• you have asthma and your symptoms do not improve after using Serevent regularly for 1 week.
  • after a change in your asthma medicines you have any worsening of your asthma symptoms or an increase in the need for your rescue inhaler medicine. 

Commonly used brand name(s)

In the U.S.

  • Serevent

In Canada

  • Serevent Diskhaler Disk
  • Serevent Diskus
  • Severent
  • Severent Diskhaler
  • Severent Diskus

Available Dosage Forms:

  • Powder
  • Disk
  • Aerosol Powder

Therapeutic Class: Bronchodilator

Pharmacologic Class: Salmeterol

Uses For Serevent

Salmeterol is used together with other medicines (such as inhaled corticosteroids) to treat asthma and prevent bronchospasm in patients with asthma. When used regularly every day, inhaled salmeterol decreases the number and severity of asthma attacks. However, it will not relieve an asthma attack that has already started.

Salmeterol is also used to treat air flow blockage and prevent the worsening of chronic obstructive pulmonary disease (COPD), including chronic bronchitis and emphysema. This medicine is also used to prevent wheezing caused by exercise (exercise-induced bronchospasm or EIB).

Salmeterol is a long-acting bronchodilator. Bronchodilators are medicines that are breathed in through the mouth to open up the bronchial tubes (air passages) in the lungs. They relieve cough, wheezing, shortness of breath, and troubled breathing by increasing the flow of air through the bronchial tubes.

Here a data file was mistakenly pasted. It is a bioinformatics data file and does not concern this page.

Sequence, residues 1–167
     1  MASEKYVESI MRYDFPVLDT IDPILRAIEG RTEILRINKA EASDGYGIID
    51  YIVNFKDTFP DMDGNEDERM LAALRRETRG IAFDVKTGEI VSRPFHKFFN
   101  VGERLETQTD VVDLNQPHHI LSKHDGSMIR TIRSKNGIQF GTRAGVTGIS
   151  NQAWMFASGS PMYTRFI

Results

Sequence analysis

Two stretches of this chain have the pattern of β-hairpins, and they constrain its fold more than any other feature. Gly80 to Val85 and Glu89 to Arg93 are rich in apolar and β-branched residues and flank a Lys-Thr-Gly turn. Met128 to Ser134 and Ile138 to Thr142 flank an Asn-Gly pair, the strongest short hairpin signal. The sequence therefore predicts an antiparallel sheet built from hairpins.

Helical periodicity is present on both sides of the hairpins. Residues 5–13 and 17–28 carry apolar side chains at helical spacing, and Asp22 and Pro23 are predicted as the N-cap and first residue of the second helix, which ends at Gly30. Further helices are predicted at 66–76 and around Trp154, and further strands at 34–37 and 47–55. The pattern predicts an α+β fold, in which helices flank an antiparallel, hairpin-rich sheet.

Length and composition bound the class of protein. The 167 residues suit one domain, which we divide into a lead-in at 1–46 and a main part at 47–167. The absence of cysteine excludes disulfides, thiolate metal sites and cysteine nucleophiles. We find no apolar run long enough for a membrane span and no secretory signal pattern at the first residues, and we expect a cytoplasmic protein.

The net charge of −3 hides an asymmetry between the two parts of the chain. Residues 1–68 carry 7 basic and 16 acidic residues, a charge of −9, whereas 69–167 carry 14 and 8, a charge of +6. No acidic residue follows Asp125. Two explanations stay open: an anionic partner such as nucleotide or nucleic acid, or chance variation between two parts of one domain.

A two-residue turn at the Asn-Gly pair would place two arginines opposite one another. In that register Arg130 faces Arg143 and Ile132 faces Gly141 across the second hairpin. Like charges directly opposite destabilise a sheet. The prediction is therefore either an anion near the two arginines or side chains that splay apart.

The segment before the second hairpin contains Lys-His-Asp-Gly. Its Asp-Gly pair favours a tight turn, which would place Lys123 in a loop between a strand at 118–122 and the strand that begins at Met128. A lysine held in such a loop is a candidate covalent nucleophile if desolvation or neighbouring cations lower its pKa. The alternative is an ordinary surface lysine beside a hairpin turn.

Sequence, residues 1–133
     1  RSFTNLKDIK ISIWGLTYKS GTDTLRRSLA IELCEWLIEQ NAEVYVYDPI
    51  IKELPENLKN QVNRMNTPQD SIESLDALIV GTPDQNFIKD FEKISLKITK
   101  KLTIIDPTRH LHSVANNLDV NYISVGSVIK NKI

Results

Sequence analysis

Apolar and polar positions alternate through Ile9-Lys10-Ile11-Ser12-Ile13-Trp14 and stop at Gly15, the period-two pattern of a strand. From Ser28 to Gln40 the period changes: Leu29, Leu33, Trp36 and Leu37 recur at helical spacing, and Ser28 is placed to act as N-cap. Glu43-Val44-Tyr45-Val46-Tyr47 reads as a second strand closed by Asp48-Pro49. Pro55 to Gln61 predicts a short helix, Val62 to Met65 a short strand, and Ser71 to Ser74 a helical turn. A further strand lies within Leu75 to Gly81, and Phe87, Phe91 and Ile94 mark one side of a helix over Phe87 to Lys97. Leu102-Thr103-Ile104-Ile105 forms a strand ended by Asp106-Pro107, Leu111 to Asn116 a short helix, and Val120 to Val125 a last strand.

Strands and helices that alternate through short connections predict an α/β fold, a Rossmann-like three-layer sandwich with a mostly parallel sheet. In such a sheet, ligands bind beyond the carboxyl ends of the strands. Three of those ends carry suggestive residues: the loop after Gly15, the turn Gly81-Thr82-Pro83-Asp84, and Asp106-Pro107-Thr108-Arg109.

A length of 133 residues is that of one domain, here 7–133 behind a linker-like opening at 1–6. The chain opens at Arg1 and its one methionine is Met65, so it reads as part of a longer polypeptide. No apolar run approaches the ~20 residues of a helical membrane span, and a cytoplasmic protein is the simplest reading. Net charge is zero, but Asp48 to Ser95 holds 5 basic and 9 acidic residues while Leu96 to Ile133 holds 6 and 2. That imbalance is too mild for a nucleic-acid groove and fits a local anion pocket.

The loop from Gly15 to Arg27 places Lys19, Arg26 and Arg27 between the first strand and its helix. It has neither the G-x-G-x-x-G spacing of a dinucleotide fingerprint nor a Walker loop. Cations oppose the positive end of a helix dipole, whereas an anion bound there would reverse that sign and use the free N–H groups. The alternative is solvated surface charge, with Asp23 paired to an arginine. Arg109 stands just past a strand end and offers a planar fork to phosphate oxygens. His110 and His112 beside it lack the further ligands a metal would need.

This medicine is available only with your doctor's prescription.

Serevent Description

Serevent (salmeterol xinafoate) Inhalation Aerosol contains salmeterol xinafoate as the racemic form of the 1-hydroxy-2-naphthoic acid salt of salmeterol. The active component of the formulation is salmeterol base, a highly selective beta2-adrenergic bronchodilator. The chemical name of salmeterol xinafoate is 4-hydroxy-α1-[[[6-(4-phenylbutoxy)hexyl]amino]methyl]-1,3-benzenedimethanol, 1-hydroxy-2-naphthalenecarboxylate. Salmeterol xinafoate has the following chemical structure:

The molecular weight of salmeterol xinafoate is 603.8, and the empirical formula is C25H37NO4•C11H8O3. Salmeterol xinafoate is a white to off-white powder. It is freely soluble in methanol; slightly soluble in ethanol, chloroform, and isopropanol; and sparingly soluble in water.